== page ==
Almost all workplaces have at least a few signs around to remind employees and visitors to stay safe, as well as to advise them how to do it. These signs are ever-present, they don’t take holidays, they speak the universal language of images and they don’t take a salary. They’re indispensable when it comes to promoting and maintaining safety in the workplace.
However, not everyone reacts the same way when they see a bright sign telling them how to lift a box properly, to remember their goggles, or to extinguish their cigarette before entering the warehouse.
Some people get a bit affronted – why should some sign order them around? They’ve got away without wearing their goggles for years, so they’re going to carry on the way they always have. They’re an adult, after all. Others react more sensibly; they know that the signs are there for a reason, even the slightly humorous custom sign that reminds them to wash their hands after a bathroom break. They’re grateful for the visual prompt and reminder.
Don’t see the signs as nagging, see them as caring
That sign telling you not to ride on the conveyor belt isn’t there to stop you having fun, it’s there to stop you losing a finger or getting your hair torn out. The no smoking sign is there to help you to not start a fire. People are very complacent about cigarettes, but as many as 95,000 fires a year can be started by carelessly discarded cigarettes or matches. Out of these fires, there will be businesses lost and, more importantly, lives lost or ruined.
You can stop seeing the signs
Signs are visual – they act as visual reminders to do something (or not to do it); but because they’re there all the time, your eyes can start to pass them over and your brain stops taking in the information, no matter how simply-presented it is. Think about it – can you remember the titles of the biggest books on your shelves? Or the finer details of the prints in your hallway? You’ve stopped seeing them. The trouble is, the prints in your hallway aren’t there to keep you safe, so it’s no great shakes if you can’t remember how many people are at the watercolor riverside picnic.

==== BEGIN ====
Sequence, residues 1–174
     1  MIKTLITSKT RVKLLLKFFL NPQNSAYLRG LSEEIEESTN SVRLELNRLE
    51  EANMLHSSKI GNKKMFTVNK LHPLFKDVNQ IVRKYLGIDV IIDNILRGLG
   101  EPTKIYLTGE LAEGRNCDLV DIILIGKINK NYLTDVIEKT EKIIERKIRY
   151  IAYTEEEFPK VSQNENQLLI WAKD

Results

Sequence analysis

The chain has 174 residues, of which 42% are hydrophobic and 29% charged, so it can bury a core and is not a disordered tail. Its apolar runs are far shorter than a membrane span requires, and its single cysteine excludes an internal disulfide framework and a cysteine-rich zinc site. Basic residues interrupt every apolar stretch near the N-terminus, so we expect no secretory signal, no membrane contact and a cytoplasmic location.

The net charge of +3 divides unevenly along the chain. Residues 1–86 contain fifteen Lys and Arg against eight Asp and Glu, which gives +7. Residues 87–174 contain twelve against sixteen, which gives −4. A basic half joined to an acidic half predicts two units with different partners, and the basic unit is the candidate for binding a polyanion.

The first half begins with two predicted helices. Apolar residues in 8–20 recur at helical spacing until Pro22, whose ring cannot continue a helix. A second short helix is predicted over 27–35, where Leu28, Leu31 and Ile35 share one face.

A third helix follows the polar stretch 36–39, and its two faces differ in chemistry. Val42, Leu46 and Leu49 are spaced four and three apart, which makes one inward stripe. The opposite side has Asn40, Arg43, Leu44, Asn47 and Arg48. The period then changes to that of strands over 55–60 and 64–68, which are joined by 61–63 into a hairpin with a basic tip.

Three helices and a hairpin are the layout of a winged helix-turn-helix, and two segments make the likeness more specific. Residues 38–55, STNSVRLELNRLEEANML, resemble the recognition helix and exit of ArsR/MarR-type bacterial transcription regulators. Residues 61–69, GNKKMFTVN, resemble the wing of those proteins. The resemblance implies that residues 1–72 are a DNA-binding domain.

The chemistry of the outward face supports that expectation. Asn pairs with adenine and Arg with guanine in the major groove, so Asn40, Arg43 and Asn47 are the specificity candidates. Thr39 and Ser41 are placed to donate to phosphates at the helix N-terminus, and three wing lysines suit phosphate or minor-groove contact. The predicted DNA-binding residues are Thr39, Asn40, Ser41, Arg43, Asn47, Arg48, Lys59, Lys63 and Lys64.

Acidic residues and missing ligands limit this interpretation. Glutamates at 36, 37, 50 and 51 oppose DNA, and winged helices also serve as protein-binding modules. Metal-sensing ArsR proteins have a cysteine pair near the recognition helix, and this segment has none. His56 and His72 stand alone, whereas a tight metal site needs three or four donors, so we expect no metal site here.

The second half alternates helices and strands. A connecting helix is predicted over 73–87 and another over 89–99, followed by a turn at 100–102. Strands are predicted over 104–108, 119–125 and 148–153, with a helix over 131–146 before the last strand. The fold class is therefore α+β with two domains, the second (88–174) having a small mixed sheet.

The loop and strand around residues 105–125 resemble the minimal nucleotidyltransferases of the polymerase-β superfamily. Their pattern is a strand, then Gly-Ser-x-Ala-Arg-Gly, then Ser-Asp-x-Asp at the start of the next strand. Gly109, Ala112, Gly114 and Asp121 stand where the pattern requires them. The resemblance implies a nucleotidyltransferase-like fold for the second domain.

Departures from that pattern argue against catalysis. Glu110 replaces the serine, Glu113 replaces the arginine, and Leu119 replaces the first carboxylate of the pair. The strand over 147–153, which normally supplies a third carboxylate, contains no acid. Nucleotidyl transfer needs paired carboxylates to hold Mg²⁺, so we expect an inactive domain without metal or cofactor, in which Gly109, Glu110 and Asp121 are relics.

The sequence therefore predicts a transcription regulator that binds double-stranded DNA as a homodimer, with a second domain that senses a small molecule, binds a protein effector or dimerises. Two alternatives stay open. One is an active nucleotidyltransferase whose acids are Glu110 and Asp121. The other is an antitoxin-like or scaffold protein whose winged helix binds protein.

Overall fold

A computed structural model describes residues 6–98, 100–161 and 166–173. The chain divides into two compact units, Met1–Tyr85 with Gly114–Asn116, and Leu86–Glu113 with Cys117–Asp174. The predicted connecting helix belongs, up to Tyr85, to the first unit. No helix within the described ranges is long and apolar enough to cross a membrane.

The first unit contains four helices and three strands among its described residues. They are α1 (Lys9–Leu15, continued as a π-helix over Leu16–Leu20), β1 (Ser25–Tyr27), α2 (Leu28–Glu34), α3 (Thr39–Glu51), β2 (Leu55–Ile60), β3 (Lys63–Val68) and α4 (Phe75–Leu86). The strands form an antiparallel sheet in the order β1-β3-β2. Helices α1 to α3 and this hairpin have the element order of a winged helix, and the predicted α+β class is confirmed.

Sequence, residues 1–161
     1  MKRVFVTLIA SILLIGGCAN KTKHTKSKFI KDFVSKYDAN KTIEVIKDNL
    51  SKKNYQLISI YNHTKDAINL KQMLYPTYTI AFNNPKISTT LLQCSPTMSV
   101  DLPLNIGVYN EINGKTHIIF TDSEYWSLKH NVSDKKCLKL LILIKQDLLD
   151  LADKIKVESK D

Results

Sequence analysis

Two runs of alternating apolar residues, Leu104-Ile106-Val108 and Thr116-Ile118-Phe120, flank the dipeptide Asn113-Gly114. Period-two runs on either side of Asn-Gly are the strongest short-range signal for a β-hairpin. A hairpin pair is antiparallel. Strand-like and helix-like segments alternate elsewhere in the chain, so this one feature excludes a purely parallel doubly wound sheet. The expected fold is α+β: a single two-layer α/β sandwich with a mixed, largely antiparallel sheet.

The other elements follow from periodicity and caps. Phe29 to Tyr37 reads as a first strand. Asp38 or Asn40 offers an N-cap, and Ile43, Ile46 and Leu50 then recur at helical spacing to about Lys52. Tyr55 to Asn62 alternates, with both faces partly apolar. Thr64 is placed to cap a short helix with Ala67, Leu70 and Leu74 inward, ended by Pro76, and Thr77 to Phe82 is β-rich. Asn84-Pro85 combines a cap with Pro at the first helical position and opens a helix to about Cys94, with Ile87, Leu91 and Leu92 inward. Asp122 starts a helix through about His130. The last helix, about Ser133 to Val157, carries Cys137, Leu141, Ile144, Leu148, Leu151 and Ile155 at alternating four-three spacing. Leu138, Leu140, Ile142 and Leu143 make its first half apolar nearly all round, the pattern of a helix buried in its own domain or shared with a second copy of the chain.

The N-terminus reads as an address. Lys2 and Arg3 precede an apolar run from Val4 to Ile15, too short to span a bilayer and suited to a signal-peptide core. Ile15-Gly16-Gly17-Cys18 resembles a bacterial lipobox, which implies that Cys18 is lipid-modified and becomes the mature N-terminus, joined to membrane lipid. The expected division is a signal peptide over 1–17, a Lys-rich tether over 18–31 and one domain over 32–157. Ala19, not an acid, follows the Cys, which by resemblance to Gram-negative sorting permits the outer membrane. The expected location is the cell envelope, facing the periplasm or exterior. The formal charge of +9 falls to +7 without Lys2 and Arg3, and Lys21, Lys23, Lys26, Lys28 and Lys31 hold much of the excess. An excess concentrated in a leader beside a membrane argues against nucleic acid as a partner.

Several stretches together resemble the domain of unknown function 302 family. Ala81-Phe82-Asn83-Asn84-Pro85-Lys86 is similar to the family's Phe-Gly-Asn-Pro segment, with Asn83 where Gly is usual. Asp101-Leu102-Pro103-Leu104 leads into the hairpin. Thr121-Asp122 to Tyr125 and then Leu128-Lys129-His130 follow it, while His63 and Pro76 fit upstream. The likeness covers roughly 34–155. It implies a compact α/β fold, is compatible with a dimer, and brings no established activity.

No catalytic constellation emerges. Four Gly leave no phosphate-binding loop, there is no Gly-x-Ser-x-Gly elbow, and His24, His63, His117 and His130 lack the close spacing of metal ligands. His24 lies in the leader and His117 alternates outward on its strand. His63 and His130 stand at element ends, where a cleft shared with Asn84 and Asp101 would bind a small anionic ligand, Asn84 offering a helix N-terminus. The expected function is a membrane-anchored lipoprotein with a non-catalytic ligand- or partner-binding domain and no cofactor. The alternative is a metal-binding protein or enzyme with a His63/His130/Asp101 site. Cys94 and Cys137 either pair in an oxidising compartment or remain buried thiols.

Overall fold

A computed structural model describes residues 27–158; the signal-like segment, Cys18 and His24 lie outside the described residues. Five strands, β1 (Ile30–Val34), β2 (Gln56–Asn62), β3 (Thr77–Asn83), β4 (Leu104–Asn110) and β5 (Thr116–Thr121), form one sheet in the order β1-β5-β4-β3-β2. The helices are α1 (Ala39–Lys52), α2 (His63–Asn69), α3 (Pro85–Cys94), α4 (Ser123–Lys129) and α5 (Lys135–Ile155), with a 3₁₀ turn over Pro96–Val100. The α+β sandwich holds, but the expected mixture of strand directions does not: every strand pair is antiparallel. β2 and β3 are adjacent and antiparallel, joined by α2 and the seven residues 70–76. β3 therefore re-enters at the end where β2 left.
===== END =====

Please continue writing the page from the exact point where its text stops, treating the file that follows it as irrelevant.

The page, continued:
Try to see your safety signs with new eyes
If you notice that employees – or even you yourself – are starting to ignore signage, then it’s time to do something about it.
You could refresh the signs themselves; maybe they’ve become dirty and lacklustre after a few years of service. You could hold a quick quiz for your staff on the content of each sign and offer a prize for the winner. Whatever you do to bring the signs back into people’s minds, you should make it clear that they’re there for a very good reason. No-one wants to get hurt, or be the cause of an accident that puts someone out of work for months.
People were injured at work all the time in the “good ol’ days”, so those health and safety laws didn’t just spring out of nowhere to cause a nuisance!